America's Solar Industry Tries to Show It's Still on Top
China might sell more solar panels, but the U.S. remains a net exporter of solar goods.
In the past few years, China began making more solar panels than the United States. Workers in China are paid less than workers in America or Australia, and domestic solar companies have begun to confront the idea that they might not be able compete with China on manufacturing costs. But the American solar industry wants to show that there’s more to the solar economy than putting together panels.
A new report, sponsored by a solar industry association and conducted by a renewable energy analysis group, found that American companies are net exporter of solar products, despite importing the panels themselves. Last year, American companies exported $5.63 billion worth of solar products, while taking in $3.75 billion worth, according to the report. American exports to China top imports from there by at least $247 million.
Consider solar panels alone (or, in industry jargon, “solar modules”), and the story of Chinese ascendance holds. Although U.S. companies did export $1.2 billion worth of solar panels, making them the country’s third-biggest solar-related export, they spent twice as much on importing panels. Nearly half of those imports came from China.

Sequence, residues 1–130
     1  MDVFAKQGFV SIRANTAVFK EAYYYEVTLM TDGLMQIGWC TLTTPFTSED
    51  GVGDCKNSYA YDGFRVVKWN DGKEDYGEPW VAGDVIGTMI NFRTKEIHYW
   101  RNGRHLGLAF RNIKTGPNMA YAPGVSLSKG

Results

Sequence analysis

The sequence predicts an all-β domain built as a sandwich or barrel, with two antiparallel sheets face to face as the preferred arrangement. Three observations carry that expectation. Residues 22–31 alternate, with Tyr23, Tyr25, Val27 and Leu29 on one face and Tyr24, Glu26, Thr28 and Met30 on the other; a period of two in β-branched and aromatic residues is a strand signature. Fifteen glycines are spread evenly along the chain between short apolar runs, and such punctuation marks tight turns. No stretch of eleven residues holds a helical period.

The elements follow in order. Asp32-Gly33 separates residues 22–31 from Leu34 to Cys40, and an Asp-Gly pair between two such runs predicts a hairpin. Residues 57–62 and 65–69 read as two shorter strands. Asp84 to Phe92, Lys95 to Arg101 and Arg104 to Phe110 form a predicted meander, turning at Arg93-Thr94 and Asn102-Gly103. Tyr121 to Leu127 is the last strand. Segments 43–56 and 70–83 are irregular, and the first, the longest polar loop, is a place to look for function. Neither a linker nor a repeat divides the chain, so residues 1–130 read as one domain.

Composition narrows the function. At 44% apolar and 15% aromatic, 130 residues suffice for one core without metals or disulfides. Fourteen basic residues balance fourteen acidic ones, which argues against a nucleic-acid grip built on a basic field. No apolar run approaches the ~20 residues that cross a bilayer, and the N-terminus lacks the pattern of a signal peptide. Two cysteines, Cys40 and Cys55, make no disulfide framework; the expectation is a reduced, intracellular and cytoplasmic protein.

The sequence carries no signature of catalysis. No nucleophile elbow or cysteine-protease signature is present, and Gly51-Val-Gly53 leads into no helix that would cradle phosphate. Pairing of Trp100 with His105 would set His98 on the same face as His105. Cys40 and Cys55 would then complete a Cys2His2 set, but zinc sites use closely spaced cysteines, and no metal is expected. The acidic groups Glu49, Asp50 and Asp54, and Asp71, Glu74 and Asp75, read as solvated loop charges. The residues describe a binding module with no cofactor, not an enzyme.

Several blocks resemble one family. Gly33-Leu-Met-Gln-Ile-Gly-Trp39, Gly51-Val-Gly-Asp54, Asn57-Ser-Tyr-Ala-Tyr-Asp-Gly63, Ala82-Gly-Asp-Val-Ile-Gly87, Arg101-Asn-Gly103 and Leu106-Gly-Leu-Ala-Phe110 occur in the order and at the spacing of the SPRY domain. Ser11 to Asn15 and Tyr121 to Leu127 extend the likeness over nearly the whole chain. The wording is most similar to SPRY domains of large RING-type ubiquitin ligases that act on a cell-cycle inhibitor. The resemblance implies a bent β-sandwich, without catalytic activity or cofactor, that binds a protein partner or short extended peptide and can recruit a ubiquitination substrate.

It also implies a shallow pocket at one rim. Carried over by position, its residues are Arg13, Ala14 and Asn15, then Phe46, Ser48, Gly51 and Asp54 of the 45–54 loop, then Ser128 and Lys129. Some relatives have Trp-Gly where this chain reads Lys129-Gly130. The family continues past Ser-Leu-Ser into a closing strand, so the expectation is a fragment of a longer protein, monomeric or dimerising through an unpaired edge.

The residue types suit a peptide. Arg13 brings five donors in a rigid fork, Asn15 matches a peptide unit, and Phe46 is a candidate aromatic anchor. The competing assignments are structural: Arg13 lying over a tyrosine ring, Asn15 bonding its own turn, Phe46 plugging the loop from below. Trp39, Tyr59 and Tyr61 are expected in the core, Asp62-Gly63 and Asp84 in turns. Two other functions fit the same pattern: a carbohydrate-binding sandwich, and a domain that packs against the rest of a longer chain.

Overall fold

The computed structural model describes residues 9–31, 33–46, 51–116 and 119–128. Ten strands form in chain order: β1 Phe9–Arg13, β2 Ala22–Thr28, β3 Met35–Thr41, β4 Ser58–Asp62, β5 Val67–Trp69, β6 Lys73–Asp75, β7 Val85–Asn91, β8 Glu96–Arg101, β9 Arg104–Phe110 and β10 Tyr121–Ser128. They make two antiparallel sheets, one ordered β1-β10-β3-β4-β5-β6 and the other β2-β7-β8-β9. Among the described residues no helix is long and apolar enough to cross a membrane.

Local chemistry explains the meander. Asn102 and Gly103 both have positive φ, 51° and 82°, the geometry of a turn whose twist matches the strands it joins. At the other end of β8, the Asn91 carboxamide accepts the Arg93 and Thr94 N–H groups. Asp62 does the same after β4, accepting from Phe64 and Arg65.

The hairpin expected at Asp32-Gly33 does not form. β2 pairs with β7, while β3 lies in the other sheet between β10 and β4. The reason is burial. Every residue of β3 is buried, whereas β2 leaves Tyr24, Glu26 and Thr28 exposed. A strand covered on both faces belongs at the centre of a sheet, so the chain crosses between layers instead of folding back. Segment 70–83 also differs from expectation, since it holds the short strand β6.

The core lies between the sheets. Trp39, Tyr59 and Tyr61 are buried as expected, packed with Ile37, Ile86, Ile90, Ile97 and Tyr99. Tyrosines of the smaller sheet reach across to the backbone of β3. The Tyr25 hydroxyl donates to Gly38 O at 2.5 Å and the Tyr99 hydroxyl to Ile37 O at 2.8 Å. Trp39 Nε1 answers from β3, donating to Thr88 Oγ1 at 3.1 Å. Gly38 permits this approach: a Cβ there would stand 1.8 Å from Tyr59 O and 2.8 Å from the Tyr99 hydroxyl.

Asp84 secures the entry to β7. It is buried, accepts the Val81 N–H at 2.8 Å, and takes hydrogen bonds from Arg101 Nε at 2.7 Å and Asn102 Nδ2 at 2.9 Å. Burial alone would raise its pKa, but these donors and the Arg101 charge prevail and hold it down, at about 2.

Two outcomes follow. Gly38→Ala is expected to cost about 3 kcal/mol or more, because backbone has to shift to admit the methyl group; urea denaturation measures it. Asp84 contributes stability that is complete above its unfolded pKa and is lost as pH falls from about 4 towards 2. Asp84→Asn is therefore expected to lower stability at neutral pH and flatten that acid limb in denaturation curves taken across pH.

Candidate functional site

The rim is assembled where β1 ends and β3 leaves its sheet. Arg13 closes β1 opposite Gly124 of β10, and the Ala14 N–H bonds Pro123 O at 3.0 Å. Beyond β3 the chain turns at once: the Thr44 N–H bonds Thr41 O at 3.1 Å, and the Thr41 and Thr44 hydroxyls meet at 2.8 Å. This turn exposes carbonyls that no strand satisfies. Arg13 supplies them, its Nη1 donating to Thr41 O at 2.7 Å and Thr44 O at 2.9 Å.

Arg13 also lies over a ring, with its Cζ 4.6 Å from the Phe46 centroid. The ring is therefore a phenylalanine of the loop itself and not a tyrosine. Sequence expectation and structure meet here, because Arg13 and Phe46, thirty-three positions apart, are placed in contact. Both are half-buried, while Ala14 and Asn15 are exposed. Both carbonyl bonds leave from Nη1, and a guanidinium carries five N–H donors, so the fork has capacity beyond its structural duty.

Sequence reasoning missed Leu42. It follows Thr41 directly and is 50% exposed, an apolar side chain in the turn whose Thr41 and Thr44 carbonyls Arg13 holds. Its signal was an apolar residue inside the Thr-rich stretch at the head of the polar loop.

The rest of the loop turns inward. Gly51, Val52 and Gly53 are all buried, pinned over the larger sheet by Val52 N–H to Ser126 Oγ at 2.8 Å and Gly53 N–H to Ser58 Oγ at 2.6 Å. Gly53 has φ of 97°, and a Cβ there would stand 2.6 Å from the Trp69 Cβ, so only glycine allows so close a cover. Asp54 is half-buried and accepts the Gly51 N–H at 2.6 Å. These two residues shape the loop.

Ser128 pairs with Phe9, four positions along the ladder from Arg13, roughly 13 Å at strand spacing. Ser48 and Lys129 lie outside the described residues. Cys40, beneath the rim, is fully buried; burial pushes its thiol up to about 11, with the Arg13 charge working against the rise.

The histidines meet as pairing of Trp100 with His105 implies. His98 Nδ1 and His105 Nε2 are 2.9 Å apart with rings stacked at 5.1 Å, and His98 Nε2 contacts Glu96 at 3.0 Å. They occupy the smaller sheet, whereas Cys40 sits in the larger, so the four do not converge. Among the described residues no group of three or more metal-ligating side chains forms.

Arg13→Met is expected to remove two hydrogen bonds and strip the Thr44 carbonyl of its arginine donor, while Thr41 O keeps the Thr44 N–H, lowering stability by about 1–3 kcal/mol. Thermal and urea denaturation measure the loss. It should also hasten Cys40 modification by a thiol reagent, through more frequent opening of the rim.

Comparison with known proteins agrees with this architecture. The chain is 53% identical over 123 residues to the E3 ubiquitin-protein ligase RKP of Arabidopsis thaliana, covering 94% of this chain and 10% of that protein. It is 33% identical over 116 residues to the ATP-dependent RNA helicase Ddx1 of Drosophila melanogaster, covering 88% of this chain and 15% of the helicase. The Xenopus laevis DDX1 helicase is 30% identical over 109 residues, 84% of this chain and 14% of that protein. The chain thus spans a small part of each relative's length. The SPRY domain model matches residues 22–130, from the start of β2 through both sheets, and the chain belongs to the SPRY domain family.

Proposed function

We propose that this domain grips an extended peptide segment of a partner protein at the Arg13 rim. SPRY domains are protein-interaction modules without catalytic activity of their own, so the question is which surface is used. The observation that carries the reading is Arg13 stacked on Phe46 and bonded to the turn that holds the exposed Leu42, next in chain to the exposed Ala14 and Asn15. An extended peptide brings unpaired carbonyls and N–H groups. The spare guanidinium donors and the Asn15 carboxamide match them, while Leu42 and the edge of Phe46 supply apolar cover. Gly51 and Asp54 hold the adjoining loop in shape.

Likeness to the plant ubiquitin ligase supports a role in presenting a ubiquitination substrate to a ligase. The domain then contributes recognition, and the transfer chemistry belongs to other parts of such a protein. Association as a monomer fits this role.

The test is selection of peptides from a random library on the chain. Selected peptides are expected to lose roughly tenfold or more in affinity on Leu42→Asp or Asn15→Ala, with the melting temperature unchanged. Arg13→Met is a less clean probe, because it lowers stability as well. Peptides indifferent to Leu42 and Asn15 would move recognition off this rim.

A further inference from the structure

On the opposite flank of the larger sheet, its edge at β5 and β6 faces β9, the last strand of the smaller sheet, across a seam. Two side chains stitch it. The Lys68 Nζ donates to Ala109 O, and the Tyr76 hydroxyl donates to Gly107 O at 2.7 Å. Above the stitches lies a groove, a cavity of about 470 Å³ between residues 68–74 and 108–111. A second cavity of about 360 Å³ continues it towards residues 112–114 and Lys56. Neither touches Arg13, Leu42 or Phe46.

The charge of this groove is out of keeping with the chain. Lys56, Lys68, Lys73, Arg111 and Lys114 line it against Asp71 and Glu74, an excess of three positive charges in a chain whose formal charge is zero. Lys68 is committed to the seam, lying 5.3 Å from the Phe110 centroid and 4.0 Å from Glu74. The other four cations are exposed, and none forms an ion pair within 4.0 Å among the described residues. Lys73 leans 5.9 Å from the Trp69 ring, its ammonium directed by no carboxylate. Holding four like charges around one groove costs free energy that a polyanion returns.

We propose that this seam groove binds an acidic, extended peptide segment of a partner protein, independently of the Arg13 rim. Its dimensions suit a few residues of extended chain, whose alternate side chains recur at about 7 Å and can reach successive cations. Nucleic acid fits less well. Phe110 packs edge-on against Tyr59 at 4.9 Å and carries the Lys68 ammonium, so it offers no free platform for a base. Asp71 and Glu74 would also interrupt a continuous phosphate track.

But look earlier in the solar production process, and the United States has plenty of goods to offer other nations. Most solar panels produced today depend on dozens of thin, rectangular tiles of silicon to capture the sun's energy. Like solar panels, those tiles tend to be made in China. But a large share of the material that’s used to make them, a polysilicon of 99.9999 percent purity, comes from the United States. Last year, the U.S. exported $2.55 billion worth of polysilicon for use in solar systems, according to the report, with $873 million of that went to China.
The United States also does well on exports of “capital equipment”—the stuff used to make solar panels and their components. American companies exported $1.4 billion worth of equipment in 2010, making capital equipment the country’s second largest solar export after polysilicon. Citing corporate confidentiality policies, the report doesn’t offer an exact value of the products that go to China, but estimates it's between $708 million and $1 billion.
But the current balance of trade in the solar industry could shift in the next few years. The solar industry has expanded rapidly, responding to demand driven by government incentives and renewed investment in solar power. Last month, Solarbuzz, a market analysis group that focuses on solar, said that solar companies had already bought more equipment than they could use, and sales at capital equipment companies are declining.
The demand for silicon could slack too, although further in the future. Second-generation, thin-film solar panels don’t use silicon; they use rare-earth materials like cadmium to capture energy. The United States has some deposits of rare earth materials, but China has a far greater supply.
Photo (cc) via flickr user gr33n3gg